Effect of SARS-CoV-2 Disease on Immune Responses, Disease Severity and Treatment Outcomes in Pulmonary Tuberculosis (COVID-19-TB)

  • End date
    Jun 25, 2023
  • participants needed
  • sponsor
    Tuberculosis Research Centre, India
Updated on 4 October 2022
polymicrobial infection


Severe acute respiratory syndrome coronavirus 2 (SARS-CoV-2) is the causative agent of the Coronavirus disease (COVID-19). Tuberculosis (TB) is the foremost cause of infectious deaths globally. In 2025, an additional 1.4 million TB deaths could occur as direct consequence of the COVID-19 pandemic. It is postulated that individuals with latent or active TB are more susceptible to SARS-CoV-2 disease and that COVID-19 disease rate is high in patients with active TB, although the evidence is still scarce. TB and SARS-CoV-2 are both infectious diseases which primarily attack the alveolar region of the lungs and share common symptoms. SARS-CoV-2 disease can induce innate and adaptive immunity, but uncontrolled inflammatory innate immunity and impaired adaptive immune responses may be associated with severe tissue damage, both locally and systemically. People with coinfection (COVID-19 and TB disease) might potentially have impaired protective immune responses and treatment outcomes, specifically as far as anti-tuberculosis treatment is concerned. However, very little is known about the immunological underpinnings in this interface between TB and COVID-19 on the effect of SARS-CoV-2 disease on disease severity, response to treatment and treatment outcomes in pulmonary tuberculosis. Investigators hypothesize that altered immunity due to prior or present asymptomatic disease with SARS-CoV-2 virus can lead to altered immune responses and systems biology, increased severity and altered treatment outcomes in TB disease.

The main objective of the study would be to evaluate the baseline differences in immune cells populations immune cell responses at baseline and at the time of treatment (2nd month) and end of treatment. Further, Investigators would be evaluating the changes in proteomic profiles in a subset of these individuals. In addition, immunological assays examining differences in T cell populations, measuring levels of various cytokines and by immunophenotyping as well as other immune parameters related to innate and adaptive responses will be performed to enhance the understanding of the immunological cross-talk between active TB patients with or without SARS-CoV-2. The secondary objective would be to study the clinical features, disease severity, mycobacterial burden and treatment outcomes in a cohort of SARS-CoV-2 infected (asymptomatic PCR or Antibody+) and non-infected patients with active pulmonary TB.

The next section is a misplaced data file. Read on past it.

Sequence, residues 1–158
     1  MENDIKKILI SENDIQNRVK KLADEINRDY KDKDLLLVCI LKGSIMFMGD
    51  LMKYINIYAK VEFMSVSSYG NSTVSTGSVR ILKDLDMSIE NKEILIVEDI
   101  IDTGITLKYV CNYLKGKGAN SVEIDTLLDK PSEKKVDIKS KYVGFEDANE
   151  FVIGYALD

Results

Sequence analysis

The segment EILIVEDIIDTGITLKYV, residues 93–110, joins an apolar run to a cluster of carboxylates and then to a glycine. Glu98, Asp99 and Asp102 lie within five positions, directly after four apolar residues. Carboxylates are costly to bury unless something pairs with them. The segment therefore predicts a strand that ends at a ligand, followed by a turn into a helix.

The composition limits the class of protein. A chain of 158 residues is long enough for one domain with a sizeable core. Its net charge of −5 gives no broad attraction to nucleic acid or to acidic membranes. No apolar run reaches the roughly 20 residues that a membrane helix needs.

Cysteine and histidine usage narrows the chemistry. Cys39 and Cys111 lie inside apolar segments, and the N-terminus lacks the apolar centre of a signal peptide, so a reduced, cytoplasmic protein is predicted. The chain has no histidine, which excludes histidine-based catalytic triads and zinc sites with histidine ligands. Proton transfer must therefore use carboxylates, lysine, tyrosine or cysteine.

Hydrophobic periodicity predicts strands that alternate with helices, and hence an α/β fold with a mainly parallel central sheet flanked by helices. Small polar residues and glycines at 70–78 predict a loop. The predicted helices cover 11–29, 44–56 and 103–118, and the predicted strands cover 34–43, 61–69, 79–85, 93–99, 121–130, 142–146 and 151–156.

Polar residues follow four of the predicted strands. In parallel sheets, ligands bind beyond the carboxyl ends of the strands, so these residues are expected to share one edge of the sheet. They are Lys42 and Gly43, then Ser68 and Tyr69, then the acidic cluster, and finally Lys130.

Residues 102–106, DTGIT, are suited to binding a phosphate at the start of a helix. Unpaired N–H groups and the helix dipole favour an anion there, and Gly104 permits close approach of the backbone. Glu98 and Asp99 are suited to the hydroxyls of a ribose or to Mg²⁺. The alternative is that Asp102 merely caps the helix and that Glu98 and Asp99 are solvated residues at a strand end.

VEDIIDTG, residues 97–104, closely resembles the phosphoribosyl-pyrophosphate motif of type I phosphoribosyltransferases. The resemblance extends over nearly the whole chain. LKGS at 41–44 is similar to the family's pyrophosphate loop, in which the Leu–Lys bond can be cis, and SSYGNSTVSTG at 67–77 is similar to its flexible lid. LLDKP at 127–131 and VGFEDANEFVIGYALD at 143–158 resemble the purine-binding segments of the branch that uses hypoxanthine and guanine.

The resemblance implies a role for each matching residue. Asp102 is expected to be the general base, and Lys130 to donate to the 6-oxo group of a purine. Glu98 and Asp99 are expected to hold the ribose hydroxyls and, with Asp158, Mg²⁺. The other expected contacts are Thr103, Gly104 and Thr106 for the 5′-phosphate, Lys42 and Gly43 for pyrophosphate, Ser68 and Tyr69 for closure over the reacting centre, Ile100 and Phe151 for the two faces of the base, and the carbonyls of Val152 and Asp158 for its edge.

Coronavirus disease (COVID-19) is a new respiratory infectious disease caused by severe acute respiratory syndrome coronavirus 2 (SARS-CoV-2), which belongs to the family coronaviridae with wide spreading in humans and animals. This virus is enveloped and contains positive-sense, single-stranded RNA with approximately 31 kb of genome size and so far, is considered as the largest known RNA viruses. The COVID-19 infected individuals exhibit low to modest symptoms (cough, fever, and respiratory distress) and transmitted mainly by respiratory droplets. However, around 15% of infected individuals proceed to severe pneumonia and approximately 5% of them progress to acute respiratory distress syndrome (ARDS), septic shock and/or multiple organ failure. Transmission of SARS-CoV-2 occurs through the means of coughing and sneezing, touching the mouth, nose, eyes, close personal contact and touching a virus-contaminated object. SARS-CoV-2 disease can induce both the arms of innate and adaptive immunity, but uncontrolled inflammatory innate immunity and weakened adaptive immune responses might be associated with destructive tissue damage, both locally and systemically. Patients with severe COVID-19 exhibited decrease of lymphocytes, and the elevation of IL-6, IL-10 and C-reactive protein. The SARS-CoV-2 is a global pandemic threat. Currently, as on August 5, the total number of COVID-19 cases is approximately 18,354,342 with 696147 deaths were reported worldwide and 216 countries are affected. In India, approximately 1,908,254 individuals were infected and 39795 deaths occurred due to COVID-19. SARS-CoV-2 disease is often associated with unconstrained immune response, caused by the hyperactivation of monocytes, macrophages and elevated neutrophils. Both, humoral (production of IgG, IgM, neutralising antibodies and reduced memory B cells) and cell mediated (CD4+, CD8+ and cytotoxic markers) immunity is required for defense against COVID-19. In addition, the activation of Th1 / Th17 cells might induce the exacerbation of the inflammatory response.